Computational thinking helps iron out the problems from abstraction – determining what it is that can be computed. Some felt that it was a form of intellectual property – a way of thinking which aids the 'user' in solving problems and tapping into their constructive imagination.

Computational thinking has an obligation to find a solution and is sometimes used to crystallise natural phenomena by naming things that haven't already had names in the past.

It was thought that it helps us to deal with systems, which generate too much data, complete with false positives and negatives and helps us to better understand the constraints to a problem.

News just in -no more funding for AHDS from April 2008

The AHRC has announced important changes in its policy for grant applicants,advising them that it has decided to cease funding the AHDS from
April 2008. The AHRC has elected to retain a data service in the area of
Archaeology and is in negotiation with the ADS in York. Details of the
impact on grantapplicants is outlined on the AHRC website at:http://www.ahrc.ac.uk/news/news_pr/2007/information_for_applicants_to_AHRC_june_deadline.asp

Perhaps I'm a cynic but I wonder if the reason begins with 'O' and ends with 'lympics'.

I've been in Laos since Easter but I'm back in London now, and I'm slowly catching up with email, RSS feeds, forums and mailing lists. The only archaeology I saw was Wat Phou but that was fantastic. And the 'Exhibition Hall' was quite good. A proper review and photos may follow if I get a chance soon.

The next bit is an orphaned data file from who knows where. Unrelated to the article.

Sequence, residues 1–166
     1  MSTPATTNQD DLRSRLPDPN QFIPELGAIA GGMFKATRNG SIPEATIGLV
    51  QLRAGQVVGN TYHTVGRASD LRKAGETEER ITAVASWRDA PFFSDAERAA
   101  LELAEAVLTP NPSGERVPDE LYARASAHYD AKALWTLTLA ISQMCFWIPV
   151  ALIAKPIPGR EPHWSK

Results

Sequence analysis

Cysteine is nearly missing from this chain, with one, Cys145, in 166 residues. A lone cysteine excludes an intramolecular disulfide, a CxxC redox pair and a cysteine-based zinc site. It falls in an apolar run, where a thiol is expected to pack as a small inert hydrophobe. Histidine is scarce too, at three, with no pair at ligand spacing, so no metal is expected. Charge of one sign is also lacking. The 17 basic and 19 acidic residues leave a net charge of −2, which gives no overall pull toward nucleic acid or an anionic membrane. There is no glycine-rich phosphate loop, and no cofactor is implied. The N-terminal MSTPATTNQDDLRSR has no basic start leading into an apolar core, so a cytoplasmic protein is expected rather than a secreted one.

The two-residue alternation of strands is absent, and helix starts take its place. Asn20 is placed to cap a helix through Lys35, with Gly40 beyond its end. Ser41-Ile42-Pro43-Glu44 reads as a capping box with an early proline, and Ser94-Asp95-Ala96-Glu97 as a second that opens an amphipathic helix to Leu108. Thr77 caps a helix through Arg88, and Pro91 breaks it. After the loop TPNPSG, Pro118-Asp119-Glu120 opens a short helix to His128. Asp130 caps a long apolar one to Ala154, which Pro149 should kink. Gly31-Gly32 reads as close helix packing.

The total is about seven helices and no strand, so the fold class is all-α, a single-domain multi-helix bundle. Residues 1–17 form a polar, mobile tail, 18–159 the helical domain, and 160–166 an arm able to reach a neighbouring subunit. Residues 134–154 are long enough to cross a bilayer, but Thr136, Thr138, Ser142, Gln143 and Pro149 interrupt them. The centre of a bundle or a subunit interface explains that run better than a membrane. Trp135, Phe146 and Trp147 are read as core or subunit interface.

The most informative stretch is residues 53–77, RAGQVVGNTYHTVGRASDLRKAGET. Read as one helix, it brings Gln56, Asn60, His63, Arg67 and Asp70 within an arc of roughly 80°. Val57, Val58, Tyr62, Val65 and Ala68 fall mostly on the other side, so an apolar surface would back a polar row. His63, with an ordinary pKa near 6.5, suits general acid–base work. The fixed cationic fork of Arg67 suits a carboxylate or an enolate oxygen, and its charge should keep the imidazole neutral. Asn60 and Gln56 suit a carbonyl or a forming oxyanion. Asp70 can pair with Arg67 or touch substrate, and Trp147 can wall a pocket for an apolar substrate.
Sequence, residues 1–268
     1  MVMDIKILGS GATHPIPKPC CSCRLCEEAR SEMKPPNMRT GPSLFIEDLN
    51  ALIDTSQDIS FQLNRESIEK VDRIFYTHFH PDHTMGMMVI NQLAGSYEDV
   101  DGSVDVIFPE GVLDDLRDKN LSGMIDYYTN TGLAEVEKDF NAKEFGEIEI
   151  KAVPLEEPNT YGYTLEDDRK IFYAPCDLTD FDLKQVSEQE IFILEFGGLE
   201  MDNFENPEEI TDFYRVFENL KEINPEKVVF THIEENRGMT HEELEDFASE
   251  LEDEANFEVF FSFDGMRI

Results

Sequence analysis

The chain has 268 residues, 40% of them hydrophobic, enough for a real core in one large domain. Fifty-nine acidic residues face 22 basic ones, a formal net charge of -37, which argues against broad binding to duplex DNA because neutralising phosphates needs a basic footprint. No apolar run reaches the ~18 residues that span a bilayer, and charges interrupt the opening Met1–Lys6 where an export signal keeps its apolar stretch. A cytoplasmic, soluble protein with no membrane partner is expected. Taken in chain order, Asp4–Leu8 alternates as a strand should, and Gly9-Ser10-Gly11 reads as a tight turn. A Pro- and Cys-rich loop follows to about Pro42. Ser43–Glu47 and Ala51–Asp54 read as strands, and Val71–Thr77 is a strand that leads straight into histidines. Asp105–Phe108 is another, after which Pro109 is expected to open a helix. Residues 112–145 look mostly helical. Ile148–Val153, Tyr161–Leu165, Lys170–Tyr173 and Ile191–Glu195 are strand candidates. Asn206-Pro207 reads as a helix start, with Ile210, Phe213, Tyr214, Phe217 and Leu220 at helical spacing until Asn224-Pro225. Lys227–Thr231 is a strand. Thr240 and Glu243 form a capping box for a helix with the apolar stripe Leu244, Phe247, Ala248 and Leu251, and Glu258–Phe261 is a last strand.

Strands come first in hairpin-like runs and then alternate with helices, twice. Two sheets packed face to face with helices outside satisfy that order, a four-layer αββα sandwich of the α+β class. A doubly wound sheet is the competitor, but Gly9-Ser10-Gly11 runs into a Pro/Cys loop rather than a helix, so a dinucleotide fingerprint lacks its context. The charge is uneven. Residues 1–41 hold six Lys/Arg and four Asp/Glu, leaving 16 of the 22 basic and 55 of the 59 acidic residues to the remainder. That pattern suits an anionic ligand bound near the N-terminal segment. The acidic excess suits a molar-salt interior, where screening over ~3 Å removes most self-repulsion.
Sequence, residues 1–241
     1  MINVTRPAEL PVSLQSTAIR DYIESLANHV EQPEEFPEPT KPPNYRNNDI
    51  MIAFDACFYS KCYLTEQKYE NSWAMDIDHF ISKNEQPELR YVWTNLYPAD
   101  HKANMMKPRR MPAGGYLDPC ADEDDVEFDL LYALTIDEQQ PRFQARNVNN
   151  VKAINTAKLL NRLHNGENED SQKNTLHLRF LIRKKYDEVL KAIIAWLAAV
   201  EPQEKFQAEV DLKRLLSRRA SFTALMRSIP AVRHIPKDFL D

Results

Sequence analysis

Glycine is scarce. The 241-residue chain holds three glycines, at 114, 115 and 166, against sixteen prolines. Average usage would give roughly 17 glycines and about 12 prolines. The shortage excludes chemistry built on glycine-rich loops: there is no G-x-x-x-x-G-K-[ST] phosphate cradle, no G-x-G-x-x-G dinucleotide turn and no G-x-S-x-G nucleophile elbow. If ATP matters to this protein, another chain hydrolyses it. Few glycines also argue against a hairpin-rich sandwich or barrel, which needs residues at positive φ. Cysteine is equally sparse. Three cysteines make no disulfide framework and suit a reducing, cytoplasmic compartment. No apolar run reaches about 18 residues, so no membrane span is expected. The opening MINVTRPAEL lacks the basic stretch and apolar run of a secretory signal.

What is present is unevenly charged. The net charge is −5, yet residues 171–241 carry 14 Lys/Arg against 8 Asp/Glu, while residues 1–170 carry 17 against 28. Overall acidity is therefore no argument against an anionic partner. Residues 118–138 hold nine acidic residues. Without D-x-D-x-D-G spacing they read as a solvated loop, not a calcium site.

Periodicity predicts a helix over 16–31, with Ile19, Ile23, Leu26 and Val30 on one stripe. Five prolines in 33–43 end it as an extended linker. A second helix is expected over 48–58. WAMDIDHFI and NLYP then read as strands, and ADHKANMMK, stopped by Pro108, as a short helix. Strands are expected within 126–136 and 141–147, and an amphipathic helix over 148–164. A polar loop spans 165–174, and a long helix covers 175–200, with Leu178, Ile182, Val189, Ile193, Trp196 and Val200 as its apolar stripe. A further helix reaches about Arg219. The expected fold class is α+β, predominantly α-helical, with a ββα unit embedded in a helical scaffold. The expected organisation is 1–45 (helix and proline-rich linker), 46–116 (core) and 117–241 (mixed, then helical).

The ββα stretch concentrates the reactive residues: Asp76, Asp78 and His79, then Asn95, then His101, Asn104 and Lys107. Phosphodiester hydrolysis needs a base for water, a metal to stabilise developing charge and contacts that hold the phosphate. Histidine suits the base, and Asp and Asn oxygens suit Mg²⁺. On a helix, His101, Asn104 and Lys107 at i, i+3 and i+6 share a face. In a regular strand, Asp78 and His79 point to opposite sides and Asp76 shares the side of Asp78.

Google Maps for non-geeks – I wonder how much uptake it'll get, and whether it'll change how our users understand geospatial data generally.

"Google has rolled out another do-it-yourself tool from its bottomless box of tricks, this one designed to unleash your inner cartographer.

My Maps integrates with Google's popular mapping service, Google Maps, allowing users to customise the charts with virtual stick pins and pointers into which information – including photos and videos – can be embedded." The Age

There won't be any updates for three or so weeks, I'm off on holiday.

Encouraging news for those producing content to be read online:

Surprise: Study Finds Online Users Finish More Stories Than Print Readers

"When readers chose to read an online story, they usually read an average of 77% of the story, compared to 62% in broadsheets and 57% in tabloids.

In addition, nearly two-thirds of online readers read all of the text of a particular story once they began to read it, the survey revealed.

The research also found that 75% of print readers are methodical in their reading, which means they start reading a page at a particular story and work their way through each story. Just 25% of print readers are scanners, who scan the entire page first, then choose a story to read.

Online, however, about half of readers are methodical, while the other half scan, the report found. The survey also revealed that large headlines and fewer, large photos attracted more eyes than smaller images in print. But online, readers were drawn more to navigation bars and teasers.

Findings also revealed that news event photos received more attention than staged or studio images, while color got more interest than black and white.

Research subjects also were quizzed about what they learned from a story, revealing that readers could answer more questions about a story when it included 'alternative story forms', such as Q&A's, timelines, graphics, short sidebars, and lists."